[Date Prev][Date Next][Thread Prev][Thread Next][Date Index][Thread Index][Subject Index][Author Index]
After a few months on this list, I've begun to recognise a curious and (to
me) somewhat disturbing *need* on the part of many people to believe that
dinosaurs behaved like birds (and, no doubt, many dinosaurs possessed many
avian behaviours) and/or mammals. Certainly, the desire, which seems to exist
quite apart from the actual data, has, in part, grown out of the work of
particular palaeontologists -- perhaps most notably that of Bakker. That most
of Bakker's more dramatic claims have little or no hard science behind them
seems to be no hinderence to the acceptance of this *image* of "mammalian"
Our best data, so far, tells us this: dinosaurs lacked the intelligence to
develop "mammalian" behavioural patterns. The most intelligent dinosaurs
(some later theropods) could have matched the relatively complex behaviour of
some extant birds.
Now, it isn't surprising that many dinosaur enthusiasts have accepted ideas
to the contrary, considering the generally sloppy way that the popular press
and media (and certain palaeontologists) have handled the presentation of new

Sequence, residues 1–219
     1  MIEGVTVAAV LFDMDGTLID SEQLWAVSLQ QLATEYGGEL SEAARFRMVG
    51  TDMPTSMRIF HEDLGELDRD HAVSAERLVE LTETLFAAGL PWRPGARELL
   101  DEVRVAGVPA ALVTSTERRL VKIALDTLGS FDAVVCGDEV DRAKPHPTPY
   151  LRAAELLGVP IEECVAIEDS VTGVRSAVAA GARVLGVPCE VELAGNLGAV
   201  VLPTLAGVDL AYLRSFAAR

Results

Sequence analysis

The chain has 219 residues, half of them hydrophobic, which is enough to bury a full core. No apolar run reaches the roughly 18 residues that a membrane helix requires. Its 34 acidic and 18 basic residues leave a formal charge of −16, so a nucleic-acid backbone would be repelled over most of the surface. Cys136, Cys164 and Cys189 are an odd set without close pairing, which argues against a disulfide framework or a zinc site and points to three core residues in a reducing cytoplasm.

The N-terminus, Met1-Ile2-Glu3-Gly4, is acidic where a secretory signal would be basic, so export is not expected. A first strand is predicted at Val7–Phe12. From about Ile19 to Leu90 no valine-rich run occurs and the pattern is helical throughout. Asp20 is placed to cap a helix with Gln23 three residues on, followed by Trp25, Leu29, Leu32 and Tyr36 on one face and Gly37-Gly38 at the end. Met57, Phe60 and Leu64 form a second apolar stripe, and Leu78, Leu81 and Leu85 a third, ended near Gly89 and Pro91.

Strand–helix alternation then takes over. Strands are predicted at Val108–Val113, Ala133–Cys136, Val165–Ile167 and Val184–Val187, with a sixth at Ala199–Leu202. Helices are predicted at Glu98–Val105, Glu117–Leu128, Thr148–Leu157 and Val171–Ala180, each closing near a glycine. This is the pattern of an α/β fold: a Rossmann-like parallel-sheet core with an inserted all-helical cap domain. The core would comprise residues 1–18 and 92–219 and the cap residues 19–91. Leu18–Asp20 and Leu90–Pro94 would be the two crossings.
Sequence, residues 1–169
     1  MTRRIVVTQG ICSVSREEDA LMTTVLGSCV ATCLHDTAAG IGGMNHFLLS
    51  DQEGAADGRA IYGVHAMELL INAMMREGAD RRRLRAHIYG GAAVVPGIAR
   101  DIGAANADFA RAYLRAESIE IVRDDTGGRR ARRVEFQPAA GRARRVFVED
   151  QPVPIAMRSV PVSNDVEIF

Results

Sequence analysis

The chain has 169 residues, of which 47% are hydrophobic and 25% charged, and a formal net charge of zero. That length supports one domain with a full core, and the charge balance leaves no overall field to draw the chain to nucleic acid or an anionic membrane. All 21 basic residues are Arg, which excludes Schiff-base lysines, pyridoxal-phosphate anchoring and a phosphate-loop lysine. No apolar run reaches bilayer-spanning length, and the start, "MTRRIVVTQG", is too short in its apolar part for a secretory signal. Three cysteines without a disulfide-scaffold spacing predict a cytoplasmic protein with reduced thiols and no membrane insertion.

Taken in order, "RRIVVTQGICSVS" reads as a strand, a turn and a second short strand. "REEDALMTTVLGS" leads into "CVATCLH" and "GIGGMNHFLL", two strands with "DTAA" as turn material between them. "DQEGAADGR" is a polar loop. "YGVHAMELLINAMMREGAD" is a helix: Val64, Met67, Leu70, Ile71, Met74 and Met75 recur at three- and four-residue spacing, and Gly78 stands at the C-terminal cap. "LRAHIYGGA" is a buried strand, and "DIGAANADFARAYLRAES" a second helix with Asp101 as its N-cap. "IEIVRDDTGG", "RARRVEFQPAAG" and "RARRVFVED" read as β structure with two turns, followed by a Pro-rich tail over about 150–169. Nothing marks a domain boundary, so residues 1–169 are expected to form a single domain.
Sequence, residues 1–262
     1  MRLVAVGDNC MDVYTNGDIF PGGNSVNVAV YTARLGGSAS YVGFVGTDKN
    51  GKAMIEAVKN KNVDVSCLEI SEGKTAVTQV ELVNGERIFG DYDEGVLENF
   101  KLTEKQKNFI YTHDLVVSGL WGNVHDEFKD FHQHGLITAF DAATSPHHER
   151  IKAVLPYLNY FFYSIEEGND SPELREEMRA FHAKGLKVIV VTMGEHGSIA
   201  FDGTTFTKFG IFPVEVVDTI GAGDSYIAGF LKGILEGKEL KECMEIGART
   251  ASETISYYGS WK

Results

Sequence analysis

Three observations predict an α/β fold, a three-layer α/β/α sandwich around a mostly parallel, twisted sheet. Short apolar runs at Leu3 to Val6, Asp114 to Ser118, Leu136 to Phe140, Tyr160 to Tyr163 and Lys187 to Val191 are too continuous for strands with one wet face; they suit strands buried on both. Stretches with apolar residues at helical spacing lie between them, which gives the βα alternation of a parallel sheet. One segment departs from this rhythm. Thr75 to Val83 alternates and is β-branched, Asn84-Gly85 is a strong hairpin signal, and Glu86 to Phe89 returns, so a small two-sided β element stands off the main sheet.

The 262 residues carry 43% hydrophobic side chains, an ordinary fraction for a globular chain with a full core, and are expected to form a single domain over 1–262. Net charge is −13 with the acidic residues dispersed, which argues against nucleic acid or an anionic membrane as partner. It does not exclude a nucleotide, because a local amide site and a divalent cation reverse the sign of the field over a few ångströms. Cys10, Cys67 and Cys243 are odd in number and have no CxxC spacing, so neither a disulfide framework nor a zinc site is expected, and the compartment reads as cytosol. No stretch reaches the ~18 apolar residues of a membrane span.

data and theories. What is (to me) surprising, is the ferocity with which
these ideas will be defended in the face of what we do know about dinosaurs.
Again and again, there is the explicit or implicit message that unless we
adopt a paradigm that allows us to see dinosaurs as para-mammal (ceratopids
as rhino-analogues, allosaurs as lion-analogues, etc.), then we're resigning
dinosaurs to the "bad old days" of swamp-wallowing. This is, of course, quite
certainly not the case.
The disturbing part is that we may be allowing our status as mammals to
dictate the way we *want* to see dinosaurs portrayed. Of course, there can be
no proper scientific relationship between what we want and what may be the
truth about dinosaur behaviour. What's wrong with dinosaurs that behaved like
reptiles and birds? Personally, I find the behaviour of squamates and
crocodilians very interesting, and it would be entirely mistaken to say that
ectotherms like monitors and crocs are anything but dynamic.
What I'm trying to say is simply that we need to take our lead from the data,
and only from the data. From testable models, and not from a belief that a
"pride" of cooperatively hunting _Velociraptor_ is more interesting or
exciting than a flock of collectively foraging _Velociraptor_.
Caitlin R. Kiernan